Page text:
If you are looking to plant other flowers along side of them, make sure the container is large enough. Most marigolds stay around 10-12 inches, but some varieties can get up to two feet tall! These varieties will benefit from a larger pot size.

Step 2: Choose the Variety

All varieties of can make great potted plants. What varies between the varieties is the color options and size of the plant – these are the things to consider when choosing your variety.

French, African, and Signet: What’s the difference?

The most common types you’ll see are French and African marigolds, which range in shades of yellow, orange, and red. Each of these marigold type will make fine potted plants, but some are going to be less common than others, and some will serve as more effective companion plants.

French Marigolds

Orange flowers in pots
This variety produces gorgeous flowers ranging from yellow to orange to red, and is the most common.

French marigolds are the most common type you’ll see. Otherwise known as Tagetes patula, they have fern-like leaves and crested flowers that range from yellow to orange to red. French marigolds tend to stay small in size, usually about 10-12 inches.

African Marigolds

Three Orange Flowers
This variety has globular orange or yellow flowers.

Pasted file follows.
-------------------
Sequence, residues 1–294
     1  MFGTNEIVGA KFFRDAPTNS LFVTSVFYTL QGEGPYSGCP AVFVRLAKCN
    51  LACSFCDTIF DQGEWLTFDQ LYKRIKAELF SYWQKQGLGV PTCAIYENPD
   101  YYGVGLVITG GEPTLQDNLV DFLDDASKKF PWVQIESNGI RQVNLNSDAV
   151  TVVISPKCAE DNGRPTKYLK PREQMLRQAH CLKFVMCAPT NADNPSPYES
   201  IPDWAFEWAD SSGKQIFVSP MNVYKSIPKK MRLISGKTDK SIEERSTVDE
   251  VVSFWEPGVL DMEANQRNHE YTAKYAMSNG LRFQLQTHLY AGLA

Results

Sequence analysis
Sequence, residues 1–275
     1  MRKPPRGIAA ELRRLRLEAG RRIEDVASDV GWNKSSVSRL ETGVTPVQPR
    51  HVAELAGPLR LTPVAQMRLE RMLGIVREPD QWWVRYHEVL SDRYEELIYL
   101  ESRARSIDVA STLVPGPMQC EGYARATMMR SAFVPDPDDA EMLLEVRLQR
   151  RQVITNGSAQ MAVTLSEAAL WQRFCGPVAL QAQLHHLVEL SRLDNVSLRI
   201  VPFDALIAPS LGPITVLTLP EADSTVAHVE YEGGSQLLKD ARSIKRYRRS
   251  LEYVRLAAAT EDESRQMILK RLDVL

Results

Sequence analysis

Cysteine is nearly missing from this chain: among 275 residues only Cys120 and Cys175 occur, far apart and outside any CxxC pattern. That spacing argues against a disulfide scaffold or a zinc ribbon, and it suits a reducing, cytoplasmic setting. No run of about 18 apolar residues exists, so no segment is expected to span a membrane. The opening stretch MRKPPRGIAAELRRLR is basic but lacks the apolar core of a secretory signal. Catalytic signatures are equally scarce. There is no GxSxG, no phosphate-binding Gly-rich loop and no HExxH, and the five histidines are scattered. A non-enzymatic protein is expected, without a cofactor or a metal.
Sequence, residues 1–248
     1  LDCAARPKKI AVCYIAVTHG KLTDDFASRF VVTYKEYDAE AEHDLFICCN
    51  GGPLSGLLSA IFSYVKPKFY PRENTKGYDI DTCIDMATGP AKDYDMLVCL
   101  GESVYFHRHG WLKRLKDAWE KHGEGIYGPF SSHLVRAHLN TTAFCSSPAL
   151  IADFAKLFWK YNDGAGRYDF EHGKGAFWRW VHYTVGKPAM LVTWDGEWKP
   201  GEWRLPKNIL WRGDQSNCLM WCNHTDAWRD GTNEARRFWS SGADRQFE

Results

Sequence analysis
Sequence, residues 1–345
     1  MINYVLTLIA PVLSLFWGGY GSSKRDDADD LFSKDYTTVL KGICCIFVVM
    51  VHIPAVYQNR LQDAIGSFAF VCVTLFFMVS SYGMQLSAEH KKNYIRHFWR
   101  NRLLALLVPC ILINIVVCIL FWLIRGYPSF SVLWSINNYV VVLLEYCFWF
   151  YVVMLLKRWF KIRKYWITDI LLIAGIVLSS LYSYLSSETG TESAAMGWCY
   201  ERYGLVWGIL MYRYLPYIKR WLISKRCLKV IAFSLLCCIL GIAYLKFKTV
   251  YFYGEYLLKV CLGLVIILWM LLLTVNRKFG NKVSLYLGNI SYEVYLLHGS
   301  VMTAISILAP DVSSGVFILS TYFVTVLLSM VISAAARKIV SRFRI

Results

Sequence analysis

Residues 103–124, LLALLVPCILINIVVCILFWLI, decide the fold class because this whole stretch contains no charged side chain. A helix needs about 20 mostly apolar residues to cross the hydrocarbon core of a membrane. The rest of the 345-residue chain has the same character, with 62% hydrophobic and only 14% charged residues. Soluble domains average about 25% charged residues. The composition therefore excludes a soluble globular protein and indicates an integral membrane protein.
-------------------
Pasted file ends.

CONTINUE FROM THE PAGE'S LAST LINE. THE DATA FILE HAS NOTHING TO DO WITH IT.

African marigolds, otherwise known as Tagetes erecta are another common variety. They have larger leaves, and large globe-shaped that are either yellow or orange, and grow taller than the French marigold.

These ruffled blooms tend to be larger than those of the French marigold but tend to have a shorter bloom period than some of their relatives.

Signet Marigolds

Garden grown signet marigolds
This unique variety produces simple flowers in shades of orange, red and yellow.

Also known as Tagetes tinuifolia, signet marigolds are a smaller variety that can add a different texture to the garden than that of the French and African.

They have fine, lacey foliage and small simple flowers that present warm colors: red, orange, and yellow.

Seeds vs. Transplants

While most people choose to transplant marigolds directly into their garden, growing from seed is also an option for ambitious gardeners. Let’s take a deeper look at what you can expect from each.

Seeds
Seedlings in seed trays
Their seeds germinate within a couple of weeks after sowing.